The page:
We’ve been very hard on our squidly brethren for the hash they have made of shipbuilding and procurement, with the jury out on the futuristic but seven-billion-dollar Zumwalt DDGs, the ongoing avalanche of disaster that’s the defenseless, offenseless and half-billion-dollar-apiece LCS imbroglio, and we haven’t even gotten into some of the problems with building a carrier around scheduled inventions. Now, the guys in the cute sailor suits haven’t done this all alone; they’e had an enormous assist from a meddling (and grifting) Congress, and the soi-disant defense industrial base. (That’s the guys who pay the
bagmen lobbyists who pay off the Congressmen). Hell, even Fleet Week in San Diego is bankrupt. But since we often step into these pages to flog the Navy like Jack Tar of 1812, we owe it to point out where volcanic action or something analogous raises islands of competence above Mean Bozo Level. And the Navy has one program, at least, that seems to be going right: the Arleigh Burke DDG production “restart.”
Even though the program is split between two shipyards to minimize efficiency and maximize Congressional peculation, that’s still not as bad as the LCS-doggle where the yards are building completely different ships, with little interchangeable but some nuts and bolts and the Navy Jack. (Well, and the absence of effective armament. Both classes of LCS have that in common). And the first ships seem to be coming in on time. Bath Iron Works just got the thumbs-up from the Navy after acceptance trials of the first ship of what the Navy calls the Flight IIA Aegis Burkes, USS Rafael Peralta, DDG-115. The ship be transferred to Navy authority next month, then will reposition to the Pacific for commissioning next summer. In this video, Peralta gets underway for sea trials on November with a tug in attendance “just in case” (but no propulsion casualties were had). (Warning… excessive fuzz guitar soundtrack!)
Even better, Peralta represents the survival of the noble old Naval tradition of naming ships after sea-service heroes. Sergeant Rafael Peralta was a Marine NCO who earned a posthumous Navy Cross in Iraq, diving on a grenade when mortally wounded and saving his squad to punch the tickets of the men who killed him and threw the ‘nade. He’d enlisted in the Marines on the day he got his green card as a legal permanent resident. “Be proud of me, bro… and be proud of your country,” he wrote to his kid brother shortly before his death. (Ricardo Peralta also served his country as a Marine). Appropriately, DDG-115’s motto is Fortus ad Finem. It’s a hell of a legacy to live up to.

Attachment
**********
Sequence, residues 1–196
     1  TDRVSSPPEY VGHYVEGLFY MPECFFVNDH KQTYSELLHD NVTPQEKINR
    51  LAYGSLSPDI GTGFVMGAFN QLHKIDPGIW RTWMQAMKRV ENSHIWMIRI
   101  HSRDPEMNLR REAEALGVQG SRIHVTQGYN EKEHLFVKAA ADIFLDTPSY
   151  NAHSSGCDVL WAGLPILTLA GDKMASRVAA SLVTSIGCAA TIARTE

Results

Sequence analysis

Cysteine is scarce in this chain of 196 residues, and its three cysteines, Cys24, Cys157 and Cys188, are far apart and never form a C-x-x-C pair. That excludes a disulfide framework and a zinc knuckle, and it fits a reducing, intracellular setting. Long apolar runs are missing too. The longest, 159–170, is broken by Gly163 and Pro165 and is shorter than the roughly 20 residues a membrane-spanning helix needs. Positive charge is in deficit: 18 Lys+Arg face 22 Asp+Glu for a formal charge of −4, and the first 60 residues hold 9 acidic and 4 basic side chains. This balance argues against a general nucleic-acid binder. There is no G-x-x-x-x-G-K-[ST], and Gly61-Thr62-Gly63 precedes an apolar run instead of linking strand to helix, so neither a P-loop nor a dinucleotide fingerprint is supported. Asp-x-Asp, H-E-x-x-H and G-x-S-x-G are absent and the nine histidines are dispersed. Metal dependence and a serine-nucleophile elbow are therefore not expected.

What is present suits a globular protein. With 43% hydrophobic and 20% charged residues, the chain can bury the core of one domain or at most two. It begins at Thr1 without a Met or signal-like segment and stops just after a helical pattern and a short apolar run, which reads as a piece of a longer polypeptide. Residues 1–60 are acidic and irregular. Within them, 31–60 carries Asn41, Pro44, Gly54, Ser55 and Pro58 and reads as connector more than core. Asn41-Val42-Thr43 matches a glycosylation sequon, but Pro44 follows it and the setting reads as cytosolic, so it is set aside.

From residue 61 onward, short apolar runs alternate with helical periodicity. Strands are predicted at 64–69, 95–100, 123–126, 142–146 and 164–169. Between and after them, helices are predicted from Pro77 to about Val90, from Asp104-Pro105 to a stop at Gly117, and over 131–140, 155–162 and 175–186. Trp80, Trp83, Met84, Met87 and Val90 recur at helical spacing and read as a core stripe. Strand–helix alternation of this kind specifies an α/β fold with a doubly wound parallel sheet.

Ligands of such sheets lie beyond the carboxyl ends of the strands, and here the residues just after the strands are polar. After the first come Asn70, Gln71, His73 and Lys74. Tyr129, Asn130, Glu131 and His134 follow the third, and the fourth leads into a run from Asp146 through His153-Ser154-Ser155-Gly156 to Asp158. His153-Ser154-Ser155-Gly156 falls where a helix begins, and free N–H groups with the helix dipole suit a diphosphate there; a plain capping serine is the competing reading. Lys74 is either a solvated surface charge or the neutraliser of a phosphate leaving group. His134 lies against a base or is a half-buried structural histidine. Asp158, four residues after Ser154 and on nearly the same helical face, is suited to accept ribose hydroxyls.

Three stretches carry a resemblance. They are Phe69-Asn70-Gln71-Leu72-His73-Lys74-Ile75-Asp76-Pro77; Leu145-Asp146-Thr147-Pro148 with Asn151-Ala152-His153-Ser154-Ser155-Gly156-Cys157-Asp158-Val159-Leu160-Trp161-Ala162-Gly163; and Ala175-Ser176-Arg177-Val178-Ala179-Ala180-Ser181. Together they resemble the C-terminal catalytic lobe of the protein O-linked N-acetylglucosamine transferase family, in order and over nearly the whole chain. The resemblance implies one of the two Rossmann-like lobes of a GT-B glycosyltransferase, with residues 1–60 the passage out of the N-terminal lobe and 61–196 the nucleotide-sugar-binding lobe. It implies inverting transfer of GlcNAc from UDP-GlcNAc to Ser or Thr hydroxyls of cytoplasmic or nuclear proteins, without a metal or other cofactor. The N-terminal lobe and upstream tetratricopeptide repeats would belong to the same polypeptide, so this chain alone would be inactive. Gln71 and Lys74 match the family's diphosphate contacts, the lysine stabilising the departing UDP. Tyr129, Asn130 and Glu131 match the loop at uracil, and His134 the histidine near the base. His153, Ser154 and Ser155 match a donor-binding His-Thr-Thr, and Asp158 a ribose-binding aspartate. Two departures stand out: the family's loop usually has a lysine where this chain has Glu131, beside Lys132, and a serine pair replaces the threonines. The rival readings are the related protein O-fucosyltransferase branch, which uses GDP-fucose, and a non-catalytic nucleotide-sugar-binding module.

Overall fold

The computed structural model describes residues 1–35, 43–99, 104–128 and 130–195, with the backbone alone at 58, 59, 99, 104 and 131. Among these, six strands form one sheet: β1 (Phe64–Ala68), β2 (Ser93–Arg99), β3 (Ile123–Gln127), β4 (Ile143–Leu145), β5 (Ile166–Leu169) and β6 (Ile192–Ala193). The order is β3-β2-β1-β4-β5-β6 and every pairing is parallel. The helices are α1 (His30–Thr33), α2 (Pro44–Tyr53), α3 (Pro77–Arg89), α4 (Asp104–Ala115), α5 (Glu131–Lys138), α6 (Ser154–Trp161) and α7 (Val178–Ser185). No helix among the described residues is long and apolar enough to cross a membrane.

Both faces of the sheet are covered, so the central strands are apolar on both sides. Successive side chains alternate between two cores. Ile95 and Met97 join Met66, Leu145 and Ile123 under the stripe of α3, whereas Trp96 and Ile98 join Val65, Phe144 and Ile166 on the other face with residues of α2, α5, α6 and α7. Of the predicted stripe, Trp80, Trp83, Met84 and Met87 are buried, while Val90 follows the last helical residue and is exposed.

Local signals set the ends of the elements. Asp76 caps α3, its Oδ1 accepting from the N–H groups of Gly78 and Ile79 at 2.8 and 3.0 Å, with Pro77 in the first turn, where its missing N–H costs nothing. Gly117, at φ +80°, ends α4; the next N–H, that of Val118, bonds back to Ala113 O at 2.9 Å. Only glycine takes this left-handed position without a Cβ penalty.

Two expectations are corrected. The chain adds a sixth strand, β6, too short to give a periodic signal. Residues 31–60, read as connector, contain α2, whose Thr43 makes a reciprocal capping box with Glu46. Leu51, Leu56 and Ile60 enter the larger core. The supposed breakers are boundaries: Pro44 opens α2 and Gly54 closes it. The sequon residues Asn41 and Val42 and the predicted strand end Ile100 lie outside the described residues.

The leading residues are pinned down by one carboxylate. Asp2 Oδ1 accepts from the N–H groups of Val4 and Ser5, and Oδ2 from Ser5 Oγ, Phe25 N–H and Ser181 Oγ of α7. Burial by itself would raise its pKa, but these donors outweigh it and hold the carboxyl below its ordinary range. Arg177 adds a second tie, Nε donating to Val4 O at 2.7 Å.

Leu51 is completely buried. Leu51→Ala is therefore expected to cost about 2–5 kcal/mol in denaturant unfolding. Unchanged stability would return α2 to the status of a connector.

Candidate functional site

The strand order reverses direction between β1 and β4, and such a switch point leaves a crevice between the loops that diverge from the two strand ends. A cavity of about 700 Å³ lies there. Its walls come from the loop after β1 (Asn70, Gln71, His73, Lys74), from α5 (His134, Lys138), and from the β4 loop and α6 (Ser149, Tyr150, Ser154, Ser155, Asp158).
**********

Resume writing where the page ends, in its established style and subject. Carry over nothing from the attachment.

DDG-116, too, will be named for a Naval hero: Lieutenant Thomas Hudner MOH, who bellied in his Corsair behind enemy lines in Korea to try to save the life of another Corsair pilot trapped in a wrecked plane. (He did not succeed, and was himself rescued by helicopter, but the nerve it took to try boggles the mind. We met Hudner, and he was a great and humble guy). Meanwhile, the other shipyard has two Naval heroes coming up, DDG-113 John Finn (Navy Aviation Ordnance Chief who improvised AA guns at Pearl Harbor) and DDG-114 Ralph Johnson (another Marine who had a rendezvous with a ‘nade).
Unfortunately, after that the ships succumb to Ray Mabus names: mostly grifting Congressmen and Senators. (How about a Congressional ban on this naming-for-dollars, before we wind up with USS Geico Enterprise and SSN-6969 Bank of America Topeka?) Several of the class are yet to be named, and if he runs close to form the lame duck SecNav is probably penciling in USS Trigglypuff, USS Trayvon Martin, and USS Bowe Bergdahl.
The Flight IIA Aegis relaunch hasn’t been flawless — Peralta’s schedule slipped six months to let Bath focus on the Zumwalts, and the follow-on ships are even later — but compared to the LCS disaster or the Zumwalt cost overruns, it looks like the sort of thing the Navy used to do. Indeed, the program’s probably as successful as it is because Mabus’s energies were diverted elsewhere, and he wasn’t able to bring his own manic strain of Social Justice Micromanagement to bear.
For More Information:
- USS Rafael Peralta Facebook page.
- USS Rafael Peralta Precommissioning unit website.
- USS Rafael Peralta Shipboard Lava Dog magazine — December ’16. (Lava Dogs are the men of Sergeant Peralta’s Hawaii-based unit, 1/3 Marines, and now, with the Marines’ permission and approval, for the company of “his” ship, also).
- USS Rafael Peralta Facebook page.
- USS Rafael Peralta News Story at USNI.